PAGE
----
Discretionary Trusts

Discretionary Trusts

A (S) v Metro Vancouver Housing Corp. 2017 BCCA 2 was a case involving how much information was required to be provided by the recipient of discretionary trusts in order to qualify for subsidized housing.

The case included an excellent discussion of what a discretionary trust is and how they are extensively used amongst various disabled persons in such matters as government involvement in their finances and expenses  re housing, medical and the like.

The BC Appeal Court in Purtzki v. Saunders, 2016 BCCA 344described discretionary trusts as follows:

[64] Strictly speaking, the object of a discretionary trust may lack a “proprietary” or “possessory” interest in the property of a trust. In M. (H.R.), the court referred to the decision of the House of Lords in Gartside v. I.R.C., [1968] 1 All E.R. 121. Gartside concerned the meaning of the term “interest in possession” under the Finance Act. Lord Wilberforce said this of a beneficiary’s interest in a discretionary trust (at 134):

No doubt in a certain sense a beneficiary under a discretionary trust has an “interest”: the nature of it may, sufficiently for the purpose, be spelt out by saying that he has a right to be considered as a potential recipient of benefit by the trustees and a right to have his interest protected by a court of equity. … But that does not mean that he has an interest which is capable of being taxed by reference to its extent in the trust fund’s income: it may be a right with some degree of concreteness or solidity, one which attracts the protection of the court of equity, yet it may still lack the necessary equality of definable extent which must exist before it can be taxed.

[65] Similarly, the authors of Underhill and Hayton: Law of Trusts and Trustees, 18th ed. (London: LexisNexis, 2010) at 98, describe the nature of a discretionary trust as follows:

Where a beneficiary has no such absolute current right to direct the trustees to pay him an ascertainable part of the net income or capital he has ‘no interest in possession’, only being interested under a discretionary trust. Typically, this is the case where a beneficiary will receive income only if the trustees positively decide to carry out their duty to distribute income by favouring him rather than another member of the class of potential beneficiaries. There is also the atypical case where a beneficiary must receive the income unless the trustees exercise distributive (or dispositive) powers to divert the income elsewhere … or to withhold it …: the discretion-conferring distributive powers prevent an interest in possession arising (eg where B is a life tenant subject to dispositive powers).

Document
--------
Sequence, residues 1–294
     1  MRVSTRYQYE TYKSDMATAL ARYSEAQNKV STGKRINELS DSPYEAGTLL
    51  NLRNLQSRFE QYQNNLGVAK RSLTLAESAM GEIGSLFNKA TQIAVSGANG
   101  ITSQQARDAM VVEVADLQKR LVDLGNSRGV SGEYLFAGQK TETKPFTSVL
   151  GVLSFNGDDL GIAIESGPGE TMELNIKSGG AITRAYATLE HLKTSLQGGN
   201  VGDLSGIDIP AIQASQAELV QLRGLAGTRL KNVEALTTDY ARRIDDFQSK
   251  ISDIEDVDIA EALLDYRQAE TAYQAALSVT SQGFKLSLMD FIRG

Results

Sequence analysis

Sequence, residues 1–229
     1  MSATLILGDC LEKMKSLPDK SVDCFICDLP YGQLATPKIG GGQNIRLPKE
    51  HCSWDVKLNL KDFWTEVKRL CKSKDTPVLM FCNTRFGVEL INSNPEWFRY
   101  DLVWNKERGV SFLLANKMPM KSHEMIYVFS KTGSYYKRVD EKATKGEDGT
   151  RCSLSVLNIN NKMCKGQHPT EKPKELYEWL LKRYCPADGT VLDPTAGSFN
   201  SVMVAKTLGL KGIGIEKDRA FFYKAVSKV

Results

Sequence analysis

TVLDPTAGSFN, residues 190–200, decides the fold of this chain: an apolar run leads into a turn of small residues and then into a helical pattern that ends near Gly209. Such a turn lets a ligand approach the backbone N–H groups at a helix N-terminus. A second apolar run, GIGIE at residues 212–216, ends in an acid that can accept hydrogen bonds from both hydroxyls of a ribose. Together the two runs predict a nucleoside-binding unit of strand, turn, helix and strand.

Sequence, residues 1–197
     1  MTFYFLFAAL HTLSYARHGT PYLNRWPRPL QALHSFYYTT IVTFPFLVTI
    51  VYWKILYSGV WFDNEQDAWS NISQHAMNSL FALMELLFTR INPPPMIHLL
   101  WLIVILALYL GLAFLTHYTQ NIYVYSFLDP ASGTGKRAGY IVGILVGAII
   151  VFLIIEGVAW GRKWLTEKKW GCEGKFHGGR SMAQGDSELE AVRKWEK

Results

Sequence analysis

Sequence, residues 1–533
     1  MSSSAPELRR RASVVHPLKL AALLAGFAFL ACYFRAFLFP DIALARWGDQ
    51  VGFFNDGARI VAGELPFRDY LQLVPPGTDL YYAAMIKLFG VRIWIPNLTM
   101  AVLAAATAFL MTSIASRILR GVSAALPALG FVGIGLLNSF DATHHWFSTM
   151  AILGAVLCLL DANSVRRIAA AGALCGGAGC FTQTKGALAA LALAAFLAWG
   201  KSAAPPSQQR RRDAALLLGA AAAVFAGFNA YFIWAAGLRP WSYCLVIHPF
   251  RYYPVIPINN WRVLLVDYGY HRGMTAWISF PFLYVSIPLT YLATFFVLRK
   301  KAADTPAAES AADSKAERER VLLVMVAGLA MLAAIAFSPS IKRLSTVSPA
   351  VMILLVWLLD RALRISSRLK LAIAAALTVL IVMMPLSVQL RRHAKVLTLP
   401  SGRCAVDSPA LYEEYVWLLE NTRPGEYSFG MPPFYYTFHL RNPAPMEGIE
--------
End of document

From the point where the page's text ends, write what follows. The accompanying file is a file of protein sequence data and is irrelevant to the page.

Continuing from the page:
[66] A discretionary trust is distinct from a fixed trust. The authors of Underhill and Hayton at 98, describe a fixed trust as follows:

Where a beneficiary has a current fixed entitlement to an ascertainable part of the net income or net capital, if any, of the trust fund after deduction of sums paid by the trustees in the exercise of their administrative powers of management, the beneficiary has a fixed interest which ranks as ‘an interest in possession’ under the trust.

[67] Unlike a fixed trust, the beneficiaries of a fully discretionary trust and their entitlements (distinct from the potential beneficiaries and their potential entitlements) cannot be ascertained at the time of settlement. A discretionary trust may also come in a variety of forms. Under an “exhaustive” discretionary trust, the trustee must distribute the whole of the income or capital, or both, but retains the power to choose who among the potential beneficiaries should receive distributions, and in what amount. Under a “non-exhaustive” discretionary trust, the trustee has the added power to choose whether or not to make any distribution at all.

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